Yet on April 20th, Black people were expected to rejoice. We were expected to perform gratitude and relief. We were supposed to assure everyone else that progress is coming, and hold up the conviction as proof. But think about what it took to get this to happen. A video shot by a scared young Black girl who captured an              encounter that was happening brazenly in public, in broad daylight, with several witnesses around. Widespread disgust towards American police spreading on social media. Several worldwide protests. Multiple violent clashes between police and white protestors, some also caught on camera, some of them even fatal. The general public opinion of police plummeting. Several other Black people being killed by police between the time of the murder and the time of the trial. Chauvin’s violent record as a police officer, complete with numerous complaints of him restraining people the same way he killed George Floyd. Scores of witnesses and medical examiners refuting the defense. Yet with all of this evidence and public pressure, even Chauvin himself seemed surprised when the judge announced the jury decision. And after this gargantuan, international effort, even after Black Lives Matter became the largest movement in history, the court did not try the people vs. policing. It tried the state vs. this particular defendant. You can relax Americans, said the court, we got the bad guy.

But that’s not true. Violent policing as we know it not only didn’t slow down, it got worse. Since the beginning of Chauvin’s trial on March 29, police killings even mounted, with an average of three people a day dying at the hands of a cop. At least half of the victims have been Black or Latino.

One of the victims, Adam Toledo, was only 13 years old and had his hands up when he was shot dead. Before the bodycam footage was released to the public, Chicago mayor Lori Lightfoot, who had already seen the video, corroborated with police testimony that Toledo was armed when he was killed. There was outrage when she and Chicago Police were caught in their lie.

And on the day Chauvin was convicted, 16-year-old Ma’Khia Bryant called for police to help her when two grown women were trying to attack her. Within minutes of arriving Nicholas Reardon had fired four shots into the teenager with nearly no attempts to deescalate the situation. At her funeral, the family described Bryant as a “smart girl capable of fulfilling all her dreams.” Now we will never know. You’ve gotta tell me, American, where is my relief? Where am I supposed to find it when tragedies overlap so much that my tears don’t have time to dry? How am I supposed to hail this as an improvement when there is a real fear that police departments will retaliate against communities over Chauvin? How can I be grateful for the same system that has Black people now instructing each other to lay low and hopefully avoid the backlash? And why are you not as incensed as I am at your fellow Americans being slaughtered so flagrantly? Do you honestly think you are that different from the victims?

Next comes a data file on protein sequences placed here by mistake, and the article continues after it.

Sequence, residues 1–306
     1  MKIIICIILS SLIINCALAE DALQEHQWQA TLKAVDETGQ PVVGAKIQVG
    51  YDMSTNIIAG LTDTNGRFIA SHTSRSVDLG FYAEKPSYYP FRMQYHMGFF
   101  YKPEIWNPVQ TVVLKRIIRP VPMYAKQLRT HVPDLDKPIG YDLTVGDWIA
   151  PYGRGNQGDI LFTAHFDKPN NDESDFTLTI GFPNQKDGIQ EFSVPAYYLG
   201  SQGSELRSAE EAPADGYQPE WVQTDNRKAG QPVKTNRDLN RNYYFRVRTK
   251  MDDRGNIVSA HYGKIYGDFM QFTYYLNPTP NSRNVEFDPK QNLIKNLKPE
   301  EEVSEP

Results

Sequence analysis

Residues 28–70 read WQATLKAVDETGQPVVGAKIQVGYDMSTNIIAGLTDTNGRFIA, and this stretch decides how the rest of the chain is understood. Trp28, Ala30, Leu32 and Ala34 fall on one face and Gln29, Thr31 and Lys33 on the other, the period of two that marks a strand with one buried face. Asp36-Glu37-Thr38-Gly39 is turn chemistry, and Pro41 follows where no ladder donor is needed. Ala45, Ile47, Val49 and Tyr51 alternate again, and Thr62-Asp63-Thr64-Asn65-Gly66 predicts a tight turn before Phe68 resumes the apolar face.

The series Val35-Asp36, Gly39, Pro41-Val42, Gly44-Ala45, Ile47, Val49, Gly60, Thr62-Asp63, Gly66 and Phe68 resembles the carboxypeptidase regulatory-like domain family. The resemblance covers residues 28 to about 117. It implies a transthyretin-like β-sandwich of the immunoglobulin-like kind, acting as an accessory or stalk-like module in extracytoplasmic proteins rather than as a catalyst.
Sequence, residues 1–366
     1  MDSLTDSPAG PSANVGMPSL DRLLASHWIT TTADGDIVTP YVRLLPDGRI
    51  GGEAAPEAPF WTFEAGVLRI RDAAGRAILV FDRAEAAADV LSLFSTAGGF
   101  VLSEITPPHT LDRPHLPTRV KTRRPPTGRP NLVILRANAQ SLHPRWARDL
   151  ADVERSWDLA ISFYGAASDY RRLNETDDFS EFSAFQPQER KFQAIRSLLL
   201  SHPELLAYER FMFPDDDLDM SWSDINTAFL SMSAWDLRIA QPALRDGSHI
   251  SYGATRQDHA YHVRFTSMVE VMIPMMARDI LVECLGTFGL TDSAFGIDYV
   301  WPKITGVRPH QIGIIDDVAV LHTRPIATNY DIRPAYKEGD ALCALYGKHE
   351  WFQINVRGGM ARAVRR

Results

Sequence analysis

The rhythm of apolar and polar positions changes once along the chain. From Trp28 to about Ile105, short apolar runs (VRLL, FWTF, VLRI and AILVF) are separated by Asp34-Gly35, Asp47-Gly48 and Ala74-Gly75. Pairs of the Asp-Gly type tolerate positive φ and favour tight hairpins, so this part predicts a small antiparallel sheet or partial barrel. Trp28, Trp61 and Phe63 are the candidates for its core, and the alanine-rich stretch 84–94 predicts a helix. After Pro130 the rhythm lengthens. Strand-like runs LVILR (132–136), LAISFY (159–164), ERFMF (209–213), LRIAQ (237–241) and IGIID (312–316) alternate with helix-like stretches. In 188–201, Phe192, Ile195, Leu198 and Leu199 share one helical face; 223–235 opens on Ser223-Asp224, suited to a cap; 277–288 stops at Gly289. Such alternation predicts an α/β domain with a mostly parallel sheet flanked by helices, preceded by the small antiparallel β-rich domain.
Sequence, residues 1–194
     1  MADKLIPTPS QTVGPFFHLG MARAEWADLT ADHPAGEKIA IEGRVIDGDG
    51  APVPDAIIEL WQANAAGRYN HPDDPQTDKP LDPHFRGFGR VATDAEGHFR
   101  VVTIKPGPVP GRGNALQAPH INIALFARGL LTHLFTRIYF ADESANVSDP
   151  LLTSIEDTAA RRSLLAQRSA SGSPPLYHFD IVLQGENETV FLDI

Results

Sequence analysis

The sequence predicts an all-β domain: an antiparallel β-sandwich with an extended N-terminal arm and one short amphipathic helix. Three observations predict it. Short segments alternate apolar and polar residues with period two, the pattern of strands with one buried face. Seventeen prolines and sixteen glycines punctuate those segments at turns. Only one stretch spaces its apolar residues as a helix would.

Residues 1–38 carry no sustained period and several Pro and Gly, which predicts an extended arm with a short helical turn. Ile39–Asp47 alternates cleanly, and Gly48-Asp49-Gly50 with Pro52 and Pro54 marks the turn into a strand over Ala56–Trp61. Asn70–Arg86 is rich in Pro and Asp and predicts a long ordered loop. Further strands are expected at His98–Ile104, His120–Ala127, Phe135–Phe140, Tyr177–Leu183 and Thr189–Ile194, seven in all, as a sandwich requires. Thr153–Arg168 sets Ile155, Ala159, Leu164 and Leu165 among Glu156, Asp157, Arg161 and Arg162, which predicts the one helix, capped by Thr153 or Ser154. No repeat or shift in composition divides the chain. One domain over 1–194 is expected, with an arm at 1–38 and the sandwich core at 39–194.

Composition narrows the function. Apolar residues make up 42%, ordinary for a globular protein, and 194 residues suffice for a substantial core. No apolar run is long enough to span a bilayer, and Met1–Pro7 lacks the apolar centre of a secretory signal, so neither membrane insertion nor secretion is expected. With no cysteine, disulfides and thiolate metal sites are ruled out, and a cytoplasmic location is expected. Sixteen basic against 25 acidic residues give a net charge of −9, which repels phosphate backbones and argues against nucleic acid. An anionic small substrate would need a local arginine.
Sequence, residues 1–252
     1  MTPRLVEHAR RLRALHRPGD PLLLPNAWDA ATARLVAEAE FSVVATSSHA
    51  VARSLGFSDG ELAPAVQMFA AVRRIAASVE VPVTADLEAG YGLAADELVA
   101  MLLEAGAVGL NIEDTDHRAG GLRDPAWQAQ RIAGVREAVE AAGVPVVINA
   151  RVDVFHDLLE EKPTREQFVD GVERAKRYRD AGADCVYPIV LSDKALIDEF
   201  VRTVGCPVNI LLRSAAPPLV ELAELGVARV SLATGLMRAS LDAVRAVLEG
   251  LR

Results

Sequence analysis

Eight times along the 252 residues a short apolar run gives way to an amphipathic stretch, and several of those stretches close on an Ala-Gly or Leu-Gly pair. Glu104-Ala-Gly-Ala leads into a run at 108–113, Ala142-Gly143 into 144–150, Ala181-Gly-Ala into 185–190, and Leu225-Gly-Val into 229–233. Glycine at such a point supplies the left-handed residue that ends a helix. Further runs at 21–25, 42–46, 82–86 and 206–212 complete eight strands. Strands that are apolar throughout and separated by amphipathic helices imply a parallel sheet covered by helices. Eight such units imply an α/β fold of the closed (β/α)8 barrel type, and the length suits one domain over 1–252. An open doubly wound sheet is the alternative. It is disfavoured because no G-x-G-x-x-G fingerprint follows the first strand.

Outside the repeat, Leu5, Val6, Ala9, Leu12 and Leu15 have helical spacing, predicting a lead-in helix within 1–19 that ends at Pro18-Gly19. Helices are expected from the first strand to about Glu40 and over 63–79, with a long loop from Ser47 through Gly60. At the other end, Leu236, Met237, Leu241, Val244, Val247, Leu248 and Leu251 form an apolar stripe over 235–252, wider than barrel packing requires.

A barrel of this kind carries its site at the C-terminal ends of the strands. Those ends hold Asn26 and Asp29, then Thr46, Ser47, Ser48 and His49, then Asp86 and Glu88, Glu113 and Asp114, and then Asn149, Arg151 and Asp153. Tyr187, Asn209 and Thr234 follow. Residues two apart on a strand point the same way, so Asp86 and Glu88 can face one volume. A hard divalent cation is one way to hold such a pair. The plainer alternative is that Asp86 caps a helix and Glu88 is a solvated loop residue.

America is not listening to us, so its relief is frustrating to watch. Its expectant eyes on Black America, waiting for our thumbs up of approval, are exhausting. I’m frustrated that this singular conviction is being showcased around as a major triumph. Many of us grew up in neighborhoods over-policed by cops who hated us. Another child being killed by police is not breaking news. This is a horrific part of the stunning, extensive mosaic that is being Black in America. My stories sound like my parents’ stories, and their stories sound like their parents' stories. I was raised to face and navigate this reality and carry the burden of it. Black people cannot also carry your guilt and your expectation if you won't even hear us. History, radical writers, and Black Lives Matter activists have been clear; salvation will not come from the state, the same place our oppression comes from. Salvation will come from us, from you and me together confronting the entire system and rebuilding with our full humanity in mind. That’s it.

But I want to be clear,  I do believe progress is happening.  I believe that things are going to get better and that we will establish radical, revolutionary change. But it’s not because the system decided to throw the starving masses a crumb of justice.

I believe we will win not because of my government, but because of my neighbors. I get hopeful when you get pissed. I feel relief when you make the choice to stand against structural violence like gentrification, or decide not to call the police on your neighbors, or when you use your privilege to stand between the state’s violence and someone that looks like me. When you call to defund the police and abolish policing I breathe a little better. That is movement,  that is real, necessary action.

Turn radical. Read your history. Stand aside, let us lead, and trust that we know what we are doing.  The system of law enforcement has a clear allegiance. It has been proven again and again. History reveals its racist roots, has proven its ineffectiveness again and again, and the police have demonstrated more than once that they do not protect the people, but white supremacy and capitalist interests. Until the very system of policing ends for good, I am not safe. You are not safe. And I’m definitely not relieved.